Escaping the grip of the #Python

I’m a programmer with a knowledge of a fair range of languages: Basic (obviously), C , C++ (urgh!), Fortran, Java, VBA, Lisp, Scheme, Smalltalk, Forth, and my beloved Python.

I did my PhD using Fortran, and professionally using C, maybe with a bit of C++. I’ve toyed with Lisp, Scheme and Forth. My go-to language is Python. It’s the language to use when you just want to get things done.

Perhaps the most earth-shattering languages I’ve seen are Lisp, Smalltalk, and Forth. I think that they are also siren languages, so beguiling with their music, yet you always end up dashed on a rocky shore. I’ve always managed to snarl up my Smalltalk images, for example. Lisp is very good. It does have “the library problem”, although QuickLisp alleviates much of this. I would go so far as to say that QuickLisp is the best thing that happened to Lisp in a decade. In the end, I think Lisp can be an overwrought solution. The pathnames are something of a mystery to me. I also had problems with FFI calls – calls to libraries couldn’t seem to be frozen into CLisp applications, which was a real problem if I had the notion of deploying a solution. Lisp is a beautiful and powerful language with so much expressiveness; yet, at the end of the day, it seems too much work to accomplish something simple. Lisp may make hard things possible, but it also makes simple things hard.

Forth. It’s interesting. I love the idea of it as a high-level assembler. I’ve tried a variety of Forths, and was very interested in trying out colorForth. colorForth has modes, and 25 keys. That’s right! You only use 25 keys. The keyboard layout isn’t, of course, standard. “But Mark”, I hear you cry, “How do you type something so simple as the number ‘1’”. To which I reply: “You keep pressing keys in the hope that you get to the mode that allows numeric input”. In the end, it was all a big WTF? It’s a great language provided you don’t want to accomplish anything.

VBA is actually quite a good language, and I have to remind myself not to be too snobbish about it. In many respects, I don’t think there’s too much “wrong” with it as a language.

It’s a bit like Fortran, in that respect. I once joked that all programmers should be forced to write in Fortran. Why? Because Forth is such a simple language with few libraries that it forces you to think in terms of simple solutions to problems.

Java? It works, in it’s own bloat-tastic way.

Perl? I tried it once. Didn’t like it.

Ruby? Pretty good, and there are some neat twists to it. But I always keep going back to Python. I don’t know why.

Tcl? Interesting language. It should probably be used more. Again, as for Ruby, I always end up going back to Python.

So I had come to the conclusion about a year back that Thou Shalt Write In Python. It Just Works (TM). On all platforms. All other Gods are False Gods, and only disappoint in the end.

Then two things happened to me: RPi (Raspberry Pi), and Py3 (Python 3). I bought my RPi last year to act as a little NAS and eco-webserver. I continue to be amazed at how effective it is for its purpose for such a small and cheap machine. I am thinking – only thinking, mind – about replacing it for something beefier.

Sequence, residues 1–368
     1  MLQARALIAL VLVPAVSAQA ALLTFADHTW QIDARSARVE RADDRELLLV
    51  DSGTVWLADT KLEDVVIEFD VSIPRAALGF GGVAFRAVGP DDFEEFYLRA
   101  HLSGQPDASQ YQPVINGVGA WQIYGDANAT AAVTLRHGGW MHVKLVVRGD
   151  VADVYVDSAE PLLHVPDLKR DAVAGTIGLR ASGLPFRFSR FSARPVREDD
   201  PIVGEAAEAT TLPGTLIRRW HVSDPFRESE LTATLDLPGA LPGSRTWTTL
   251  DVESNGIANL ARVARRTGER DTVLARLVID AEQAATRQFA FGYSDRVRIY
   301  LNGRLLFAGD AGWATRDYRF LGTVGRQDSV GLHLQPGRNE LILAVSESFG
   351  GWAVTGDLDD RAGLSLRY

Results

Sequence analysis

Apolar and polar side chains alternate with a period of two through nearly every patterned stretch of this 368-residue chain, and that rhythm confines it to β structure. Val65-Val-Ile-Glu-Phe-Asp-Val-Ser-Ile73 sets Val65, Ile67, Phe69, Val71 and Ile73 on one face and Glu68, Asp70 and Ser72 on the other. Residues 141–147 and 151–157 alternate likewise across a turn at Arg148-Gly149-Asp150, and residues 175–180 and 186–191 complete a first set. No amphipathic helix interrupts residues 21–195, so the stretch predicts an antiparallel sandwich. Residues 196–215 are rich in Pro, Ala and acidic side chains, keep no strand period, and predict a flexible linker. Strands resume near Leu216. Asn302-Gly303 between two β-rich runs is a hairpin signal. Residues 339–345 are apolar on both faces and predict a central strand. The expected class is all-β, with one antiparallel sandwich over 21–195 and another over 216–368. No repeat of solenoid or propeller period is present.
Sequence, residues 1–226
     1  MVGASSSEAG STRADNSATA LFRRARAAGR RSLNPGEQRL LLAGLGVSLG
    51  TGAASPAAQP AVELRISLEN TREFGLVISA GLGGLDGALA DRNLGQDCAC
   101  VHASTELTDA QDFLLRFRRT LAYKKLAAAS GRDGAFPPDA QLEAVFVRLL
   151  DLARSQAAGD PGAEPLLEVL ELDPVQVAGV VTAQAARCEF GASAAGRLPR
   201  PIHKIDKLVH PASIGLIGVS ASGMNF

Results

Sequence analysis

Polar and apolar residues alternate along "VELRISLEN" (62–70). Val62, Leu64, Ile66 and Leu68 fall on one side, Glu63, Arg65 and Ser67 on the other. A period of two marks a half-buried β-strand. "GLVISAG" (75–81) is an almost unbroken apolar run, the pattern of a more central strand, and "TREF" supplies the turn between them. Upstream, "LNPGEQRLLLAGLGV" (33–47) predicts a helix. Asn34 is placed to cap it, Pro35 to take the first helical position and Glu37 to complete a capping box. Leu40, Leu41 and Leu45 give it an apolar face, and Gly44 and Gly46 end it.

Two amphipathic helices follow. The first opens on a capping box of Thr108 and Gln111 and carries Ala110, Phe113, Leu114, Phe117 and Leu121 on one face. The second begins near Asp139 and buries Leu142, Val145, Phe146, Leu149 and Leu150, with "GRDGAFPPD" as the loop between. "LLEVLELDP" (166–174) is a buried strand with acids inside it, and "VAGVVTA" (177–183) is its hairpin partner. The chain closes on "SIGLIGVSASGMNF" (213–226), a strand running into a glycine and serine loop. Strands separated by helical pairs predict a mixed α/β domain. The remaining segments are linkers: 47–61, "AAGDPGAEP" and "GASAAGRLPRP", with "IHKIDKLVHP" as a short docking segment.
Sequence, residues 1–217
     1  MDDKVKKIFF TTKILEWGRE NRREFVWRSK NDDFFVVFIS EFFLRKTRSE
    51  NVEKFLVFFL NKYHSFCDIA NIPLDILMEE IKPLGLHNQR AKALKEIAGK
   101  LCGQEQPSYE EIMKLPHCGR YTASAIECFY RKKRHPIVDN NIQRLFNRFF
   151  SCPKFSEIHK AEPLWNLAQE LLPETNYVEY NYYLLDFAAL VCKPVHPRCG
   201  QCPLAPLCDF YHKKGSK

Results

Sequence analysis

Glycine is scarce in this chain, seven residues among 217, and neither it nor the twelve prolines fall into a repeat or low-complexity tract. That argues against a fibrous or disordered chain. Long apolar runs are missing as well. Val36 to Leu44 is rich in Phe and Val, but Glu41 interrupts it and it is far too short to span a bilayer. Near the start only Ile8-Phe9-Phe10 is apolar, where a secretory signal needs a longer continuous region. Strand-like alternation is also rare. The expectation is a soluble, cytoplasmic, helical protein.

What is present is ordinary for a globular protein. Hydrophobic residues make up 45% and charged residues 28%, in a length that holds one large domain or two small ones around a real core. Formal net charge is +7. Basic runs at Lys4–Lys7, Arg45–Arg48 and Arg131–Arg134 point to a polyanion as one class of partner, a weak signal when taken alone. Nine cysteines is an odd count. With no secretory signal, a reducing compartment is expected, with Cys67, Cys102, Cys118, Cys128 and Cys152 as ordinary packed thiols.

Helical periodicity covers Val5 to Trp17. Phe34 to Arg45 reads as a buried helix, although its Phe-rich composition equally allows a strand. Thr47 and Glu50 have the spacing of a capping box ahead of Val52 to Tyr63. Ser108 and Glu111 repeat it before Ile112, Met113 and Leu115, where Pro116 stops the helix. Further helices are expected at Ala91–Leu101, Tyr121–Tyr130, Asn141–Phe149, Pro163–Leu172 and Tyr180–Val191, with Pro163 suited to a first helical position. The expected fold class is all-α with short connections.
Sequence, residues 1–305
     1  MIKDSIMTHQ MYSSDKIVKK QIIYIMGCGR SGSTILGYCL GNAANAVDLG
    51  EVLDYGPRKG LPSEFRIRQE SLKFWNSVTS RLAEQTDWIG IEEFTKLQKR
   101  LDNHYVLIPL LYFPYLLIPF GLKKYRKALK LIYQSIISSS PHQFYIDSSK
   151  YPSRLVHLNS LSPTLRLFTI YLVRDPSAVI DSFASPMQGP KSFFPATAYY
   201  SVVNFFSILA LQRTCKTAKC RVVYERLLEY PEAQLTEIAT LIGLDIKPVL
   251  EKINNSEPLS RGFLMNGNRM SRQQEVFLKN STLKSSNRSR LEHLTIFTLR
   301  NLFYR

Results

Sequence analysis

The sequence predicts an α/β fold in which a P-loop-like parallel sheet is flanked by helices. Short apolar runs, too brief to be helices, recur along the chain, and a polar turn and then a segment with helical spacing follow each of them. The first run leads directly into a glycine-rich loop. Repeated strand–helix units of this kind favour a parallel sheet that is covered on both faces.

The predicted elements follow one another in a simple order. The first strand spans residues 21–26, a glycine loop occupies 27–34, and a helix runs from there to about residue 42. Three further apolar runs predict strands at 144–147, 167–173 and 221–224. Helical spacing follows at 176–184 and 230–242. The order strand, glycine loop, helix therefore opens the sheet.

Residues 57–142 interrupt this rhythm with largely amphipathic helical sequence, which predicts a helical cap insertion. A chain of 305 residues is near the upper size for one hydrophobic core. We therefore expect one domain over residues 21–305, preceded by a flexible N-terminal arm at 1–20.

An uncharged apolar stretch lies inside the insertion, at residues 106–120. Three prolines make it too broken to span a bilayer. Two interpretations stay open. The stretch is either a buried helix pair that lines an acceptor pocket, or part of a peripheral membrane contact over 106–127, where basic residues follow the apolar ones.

I have an accounts package that I wrote using Python (2). I have experimented using other open-source software, but none of them were satisfactory to me. John Wiegley’s “ledger” is interesting. I found it could be a bit idiosyncratic. Also, it doesn’t output in a way that made further processing easy. John had originally written ledger in Lisp, but then abandoned that for C using Boost. I’ve never used Boost before, but it struck me as part of the bloat problem. Ironically, I reckon if John had stuck to Lisp, the application would not have been that much bigger, it would have been just as cross-platform, plus the user gets a scripting engine to extend the functionality. The latter is essentially “for free”. Such is the power of Lisp.

Back to my python accounts package. It took a long time to run on my RPi – longer than 30 seconds. That seemed rather slow for such a simple application of about 1600 lines. The code base was over 3000 lines at one point. Fortunately, Python has a really good profiler, and I was able to make massive inroads into that figure. I had decided to re-write the input parsing using flex and C, and link it to Python using swig.

This hybrid approach proved to be finicky, although it did speed up my program considerably. So I was able to reduce a program that took nearly 40s down to around 5s. Here’s my time output:
real 0m4.741s
user 0m4.280s
sys 0m0.300s

Contrast this with my main PC:
real 0m0.365s
user 0m0.312s
sys 0m0.012s

As you can see, RPis are considerably slower than regular PCs. My PC is no speed demon, but it is quite capable. It runs faster than my work laptop. Not that my laptop is necessarily underspecced. But, when you have to authenticate log-in via America, run virus-scan software, connect to corporate networks, are forced to run corporate
screensavers, with the whole of technical support in India, some with a tenuous grip on the English language, then yes, it WILL be slow.

I decided to do a re-write of the software in C. I had forgotten much of the syntax, so there was a lot of “guess the syntax” work involved. What I discovered was that C was not “that” bad. It was more verbose than Python, obviously, but I wasn’t sitting there thinking that I needed 10X as much C code as I did for Python. Here’s my timing output on the RPi:
real 0m0.800s
user 0m0.750s
sys 0m0.030s

You can see there’s a considerable speedup. Included in that, though, is a driver program written in lua. Although I haven’t timed the program formally without using lua, anecdotally, I reckon that the inclusion of lua does introduce a significant performance penalty, despite lua’s reputation for speed. A good fix would be for me to strip out lua entirely, and just hard-code whatever it is that I did in lua.

I should mention that none of the above timings relate to the download capabilities of my python code. I own shares, and I use Python to connect to Google to download the latest share prices. For much of the project’s life I downloaded share prices asynchronously (i.e. on after the other), which was quite time-consuming of course because you tend to have a lot of latency in making requests. I wanted to speed things up. I’ve never done threading before, so I Googled around to look for some code on threading. I found some, and implemented it succesfully. That provided quite a performance boost when my accounts package ran in download mode, because all those latencies are essentially compressed into one, rather than being drawn out in a series.